But what does it mean for a human to be very human? And if we are something, do we need to recognize the degree to which we possess the descriptive quality? It sounds strange to say: "That mountain is very mountainous." Or "That cat is very cat-like." Well, he is a cat, isn't he? Then, aren't we just humans?


Aristotle called humans a rational animal. This notion is among the most widely used to distinguish us from other mammals. After all, our rational ability, we claim, is superior to any other species on earth. And we have our prefrontal cortex to thank for that.


Our prefrontal cortex, PFC for short, is the part of the brain responsible for rational thought. The section of the frontal cortex lies at the very front of the brain, in front of the premotor cortex. Put your hand wide across your forehead. Now imagine the depth of two business cards stacked together. That is your PFC. It makes up only 10% of the volume of the brain but is involved in many functions. The one that is probably best known for is executive function.


Our executive function focuses on controlling reflexive behaviors to participate in planning, decision-making, problem-solving, self-control, and acting with long-term goals. They are higher-level cognitive processes that humans tend to display greater proficiency in than other animals. This supports the argument that these are some of the functions that genuinely help make human cognition unique.


However, some researchers say we spend 10% of our waking time using our PFC. That is when we intentionally engage with our cognitive capacity and executive functions.


So what happens with the other 90% of the time?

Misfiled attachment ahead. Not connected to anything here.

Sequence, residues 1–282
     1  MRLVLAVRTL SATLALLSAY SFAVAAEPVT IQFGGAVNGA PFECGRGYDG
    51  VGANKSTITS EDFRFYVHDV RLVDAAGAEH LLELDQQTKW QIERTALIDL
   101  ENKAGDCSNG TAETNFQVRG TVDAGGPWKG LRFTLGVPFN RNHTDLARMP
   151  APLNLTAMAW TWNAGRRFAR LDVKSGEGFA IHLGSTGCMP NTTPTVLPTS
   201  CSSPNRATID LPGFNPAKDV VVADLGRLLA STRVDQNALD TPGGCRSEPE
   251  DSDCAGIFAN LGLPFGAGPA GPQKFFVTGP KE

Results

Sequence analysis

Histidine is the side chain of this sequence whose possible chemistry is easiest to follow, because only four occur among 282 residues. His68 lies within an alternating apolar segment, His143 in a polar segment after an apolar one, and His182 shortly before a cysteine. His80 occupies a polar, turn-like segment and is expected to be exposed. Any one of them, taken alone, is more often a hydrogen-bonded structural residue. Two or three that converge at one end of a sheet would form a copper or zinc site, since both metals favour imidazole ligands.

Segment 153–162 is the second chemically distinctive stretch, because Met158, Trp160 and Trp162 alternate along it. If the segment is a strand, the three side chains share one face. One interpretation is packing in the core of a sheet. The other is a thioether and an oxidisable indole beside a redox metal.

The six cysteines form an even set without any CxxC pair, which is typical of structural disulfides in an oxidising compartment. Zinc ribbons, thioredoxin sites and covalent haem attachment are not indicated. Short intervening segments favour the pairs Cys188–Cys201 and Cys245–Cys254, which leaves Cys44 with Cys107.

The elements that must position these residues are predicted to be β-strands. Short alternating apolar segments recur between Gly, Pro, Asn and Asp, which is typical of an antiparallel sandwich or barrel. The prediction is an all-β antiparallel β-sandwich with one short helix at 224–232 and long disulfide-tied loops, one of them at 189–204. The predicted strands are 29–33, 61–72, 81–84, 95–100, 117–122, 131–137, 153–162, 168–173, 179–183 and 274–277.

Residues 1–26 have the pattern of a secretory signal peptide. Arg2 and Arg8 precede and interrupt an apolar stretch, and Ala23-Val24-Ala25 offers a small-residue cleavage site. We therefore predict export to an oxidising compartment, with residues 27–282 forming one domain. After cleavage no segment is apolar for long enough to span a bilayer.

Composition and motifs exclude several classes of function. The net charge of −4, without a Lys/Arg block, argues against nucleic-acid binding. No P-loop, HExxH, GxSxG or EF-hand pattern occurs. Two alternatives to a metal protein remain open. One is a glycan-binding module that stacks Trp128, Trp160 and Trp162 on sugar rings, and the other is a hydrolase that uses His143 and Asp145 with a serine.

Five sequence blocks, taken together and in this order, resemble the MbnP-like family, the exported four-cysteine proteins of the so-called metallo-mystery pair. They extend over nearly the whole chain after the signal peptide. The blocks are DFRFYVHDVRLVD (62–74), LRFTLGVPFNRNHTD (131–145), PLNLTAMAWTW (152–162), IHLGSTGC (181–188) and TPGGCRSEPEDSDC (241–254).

The vast majority of our time is spent reacting reflexively. Acting on instinct, just like any other animal on the planet. It sounds simple, but it isn't by any means. Without getting into much detail, for now, your subconscious brain is responsible for the many activities that are keeping us alive and helping us navigate the world. We do this primarily through heuristics in the mind that we have learned from previous experiences and have coded as habits or automatic behaviors. Meaning they usually happen without our conscious thought or intention. 


The analogy we use to describe the brain as a computer isn't accurate or helpful. We have a very fickle brain with a limited PFC capacity. It needs the right chemistry, food, and rest to operate well and work in tandem with a subconscious mind full of cognitive distortions and biases. As a species, we are very limited, constantly frightened, controlled by emotions, and lacking self-awareness. With the accumulating evidence from neuroscience and behavioral sciences, it's hard to believe that we are rational animals and not just animals who sometimes reason. 


On Being


Herein lies the paradox. We are both animal and rational. It is only human to be fearful or courageous, to be mean or kind, to be angry or joyful, to be cruel or compassionate, to be inconsiderate or thoughtful, to be selfish or to be generous, to be arrogant or humble, to be reckless or prudent, to be ungrateful or grateful, and to react subconsciously or act intentionally. The difference between them is choice.


We don't have humanity infused by the gods, universe, or nature; we must create it ourselves.


That is the process of becoming.


I was thinking about why we are called human beings. It might be that the only way to be human is actually in the act of being. Maybe being is all we are, for we are never fully human.


Full of potential, constantly growing, always becoming.


A human being.


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Patricio Ramal